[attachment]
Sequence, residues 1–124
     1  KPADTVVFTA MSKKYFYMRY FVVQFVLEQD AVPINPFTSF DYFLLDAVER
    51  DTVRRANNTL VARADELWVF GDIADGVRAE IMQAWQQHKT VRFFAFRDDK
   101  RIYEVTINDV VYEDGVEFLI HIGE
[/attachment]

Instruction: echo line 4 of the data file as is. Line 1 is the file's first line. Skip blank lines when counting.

   101  RIYEVTINDV VYEDGVEFLI HIGE